The student of Zen is confronted by a master who has himself experienced awakening, and is in the best sense of the expression a completely natural man. For the adept in Zen is one who manages to be human with the same artless grace and absence of inner conflict with which a tree is a tree. Such a man is likened to a ball in mountain stream, which is to say that he cannot be blocked, stopped, or embarassed in any situation. He never wobbles or dithers in his mind, for though he may pause in overt action to think a problem out, the stream of his consciousness always moves straight ahead without being caught in the vicious circles of anxiety or indecisive doubt, wherein thought whirls wildly around without issue. He is not precipitate or hurried in action, but simply continuous. This is what Zen means by being detached – not being without emotion or feeling, but being one in whom feeling is not sticky or blocked, and through whom the experiences of the world pass like the reflections of birds flying over water. Although possessed of complete inner freedom, he is not, like the libertine, in revolt against social standards, nor, like the self-rigtheous, trying to justify himself. He is all of a piece with himself and with the natural world, and in his presence you feel that without strain or artifice he is completely “all here” — sure of himself without the slightest trace of aggression. He is thus the grand seigneur, the spiritual aristrocrat comparable to the type of worldly aristocrat who is so sure of the position given to him by birth that he has no need to condescend or put on airs. – Alan Watts, This is It
The path of progression is associated with Jame’s lysis or gradual approach. It emphasizes order and harmony, and the divine is reached by self-control and obedience. The god is most present in the greatest purity — of self, of place, of statue. Such purity involved loyalty to lineage and tradition, acceptance of hierarchy and authority, and ritual worship and practice. Ecstasy is attained by faith and learning, by acceptance of dharma, and avoidance of siddhis (powers) and self-glorification. Such a path is yogic and devotional, and called in Bengal sastriya dharma, the path of scriptural injunctions.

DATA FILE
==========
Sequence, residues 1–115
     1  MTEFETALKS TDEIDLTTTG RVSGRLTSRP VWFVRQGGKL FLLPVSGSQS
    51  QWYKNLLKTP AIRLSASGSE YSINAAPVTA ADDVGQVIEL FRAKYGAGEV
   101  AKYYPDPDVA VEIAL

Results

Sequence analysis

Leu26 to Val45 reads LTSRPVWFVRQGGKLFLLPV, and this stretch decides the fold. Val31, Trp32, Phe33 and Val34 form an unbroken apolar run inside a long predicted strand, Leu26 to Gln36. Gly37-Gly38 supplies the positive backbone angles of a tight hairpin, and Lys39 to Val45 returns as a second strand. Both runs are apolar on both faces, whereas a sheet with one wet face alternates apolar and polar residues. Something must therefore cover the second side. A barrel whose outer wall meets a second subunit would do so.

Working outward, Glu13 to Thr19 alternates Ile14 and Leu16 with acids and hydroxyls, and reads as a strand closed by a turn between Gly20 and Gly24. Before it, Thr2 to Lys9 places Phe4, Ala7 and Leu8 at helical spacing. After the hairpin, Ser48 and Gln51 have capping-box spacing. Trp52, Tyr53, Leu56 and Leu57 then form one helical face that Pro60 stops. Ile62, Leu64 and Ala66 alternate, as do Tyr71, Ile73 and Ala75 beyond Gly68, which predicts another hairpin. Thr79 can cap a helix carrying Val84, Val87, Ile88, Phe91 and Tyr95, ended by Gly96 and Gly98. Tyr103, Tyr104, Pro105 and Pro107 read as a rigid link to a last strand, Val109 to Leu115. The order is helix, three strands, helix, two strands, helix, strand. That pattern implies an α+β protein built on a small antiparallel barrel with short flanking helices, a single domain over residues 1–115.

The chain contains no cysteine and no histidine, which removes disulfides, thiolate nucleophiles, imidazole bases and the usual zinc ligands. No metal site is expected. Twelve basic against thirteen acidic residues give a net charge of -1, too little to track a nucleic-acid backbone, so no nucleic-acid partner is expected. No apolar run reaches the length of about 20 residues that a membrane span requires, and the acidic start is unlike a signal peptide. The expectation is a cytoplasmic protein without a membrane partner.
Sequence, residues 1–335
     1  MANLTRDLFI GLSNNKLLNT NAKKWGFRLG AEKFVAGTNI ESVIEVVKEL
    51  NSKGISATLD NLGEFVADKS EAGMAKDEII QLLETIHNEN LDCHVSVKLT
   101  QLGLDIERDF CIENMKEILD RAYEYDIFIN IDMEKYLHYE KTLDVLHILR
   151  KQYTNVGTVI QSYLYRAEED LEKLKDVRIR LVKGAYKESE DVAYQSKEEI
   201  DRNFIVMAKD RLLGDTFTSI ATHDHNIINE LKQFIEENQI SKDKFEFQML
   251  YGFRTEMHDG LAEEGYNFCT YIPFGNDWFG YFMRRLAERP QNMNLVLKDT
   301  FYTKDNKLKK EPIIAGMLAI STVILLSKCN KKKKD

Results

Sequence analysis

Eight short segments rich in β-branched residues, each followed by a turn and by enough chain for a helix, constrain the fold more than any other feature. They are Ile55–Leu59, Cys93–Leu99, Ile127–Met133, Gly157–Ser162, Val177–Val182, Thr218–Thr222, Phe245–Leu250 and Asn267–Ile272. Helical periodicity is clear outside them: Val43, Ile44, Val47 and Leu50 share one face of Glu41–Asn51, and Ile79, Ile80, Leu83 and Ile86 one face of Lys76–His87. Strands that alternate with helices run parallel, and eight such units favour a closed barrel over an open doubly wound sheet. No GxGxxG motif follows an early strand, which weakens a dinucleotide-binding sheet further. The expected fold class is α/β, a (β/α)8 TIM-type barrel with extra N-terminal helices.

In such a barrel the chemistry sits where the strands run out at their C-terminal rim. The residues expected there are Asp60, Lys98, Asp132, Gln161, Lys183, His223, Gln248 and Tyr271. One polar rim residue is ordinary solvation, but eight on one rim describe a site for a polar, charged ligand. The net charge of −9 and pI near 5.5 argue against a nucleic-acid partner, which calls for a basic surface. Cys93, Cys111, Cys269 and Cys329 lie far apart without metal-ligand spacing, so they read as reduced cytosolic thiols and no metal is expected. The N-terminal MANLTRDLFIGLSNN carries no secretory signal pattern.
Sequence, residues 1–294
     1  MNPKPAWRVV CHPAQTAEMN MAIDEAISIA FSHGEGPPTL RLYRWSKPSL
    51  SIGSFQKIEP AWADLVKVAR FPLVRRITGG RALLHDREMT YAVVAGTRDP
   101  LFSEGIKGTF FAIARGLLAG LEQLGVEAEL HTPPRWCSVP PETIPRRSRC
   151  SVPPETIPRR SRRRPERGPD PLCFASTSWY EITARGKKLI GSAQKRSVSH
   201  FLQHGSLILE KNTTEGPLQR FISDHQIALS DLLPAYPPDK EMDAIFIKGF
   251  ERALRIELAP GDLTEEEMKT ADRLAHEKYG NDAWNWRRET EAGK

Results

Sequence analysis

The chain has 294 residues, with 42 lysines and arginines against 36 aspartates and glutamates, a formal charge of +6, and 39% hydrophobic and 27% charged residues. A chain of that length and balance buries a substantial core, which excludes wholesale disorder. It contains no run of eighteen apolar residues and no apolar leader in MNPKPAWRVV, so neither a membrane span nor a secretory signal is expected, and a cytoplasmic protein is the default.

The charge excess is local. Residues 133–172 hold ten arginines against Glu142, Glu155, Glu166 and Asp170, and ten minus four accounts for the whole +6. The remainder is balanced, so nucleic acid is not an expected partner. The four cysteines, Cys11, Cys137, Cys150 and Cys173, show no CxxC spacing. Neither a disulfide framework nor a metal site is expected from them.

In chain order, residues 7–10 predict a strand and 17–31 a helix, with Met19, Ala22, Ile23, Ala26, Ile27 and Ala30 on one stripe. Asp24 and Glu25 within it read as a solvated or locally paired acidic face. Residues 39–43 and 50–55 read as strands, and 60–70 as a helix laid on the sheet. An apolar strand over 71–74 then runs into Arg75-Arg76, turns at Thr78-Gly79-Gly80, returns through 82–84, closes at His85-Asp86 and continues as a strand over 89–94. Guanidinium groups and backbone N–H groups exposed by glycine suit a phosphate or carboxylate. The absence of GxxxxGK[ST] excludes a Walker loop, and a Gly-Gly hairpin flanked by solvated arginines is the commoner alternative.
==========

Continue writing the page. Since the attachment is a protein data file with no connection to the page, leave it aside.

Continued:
The path of breakthrough is associated with Jame’s crisis, or abrupt change. It emphasizes chaos and passion, and the divine is reached by unpredictable visions and revelations. The presence of deity is not determined by ritual purity — the god may be found in pure situations, but also at the burning ground, at the toilet, in blood and sexuality, in possessions and ordeals. Initiation and lineage do not determine experience — often there is a “jumping” of gurus — where different gurus are followed at different times. The criterion of status is neither yogic knowledge nor ritual skill, bur rather bhava, the ecstatic state that comes with experience of the divine. Such states are called sahaja (natural and spontaneous) or svabhavika (unique to particular individual). The path is more generally called asastriya, or not according to the scriptures.
While these two general approaches apply to the work as a whole, it is also interesting to note that in the tantrik sadhana and specifically with the ritual of panchatattva, both are combined. There is a lineage of instruction and ritual technique, which if persisted in deeply will transform into spontaneity and unpredictability. In this sense, the tantras have encoded into them the essence of developing spontaneous creativity as well as providing the means to forge the link to the true Guru. Tantra, followed sincerely and with all that one is, is a fast and direct path of realization that is unique to every person, while still growing out of known forms and traditions of lineage.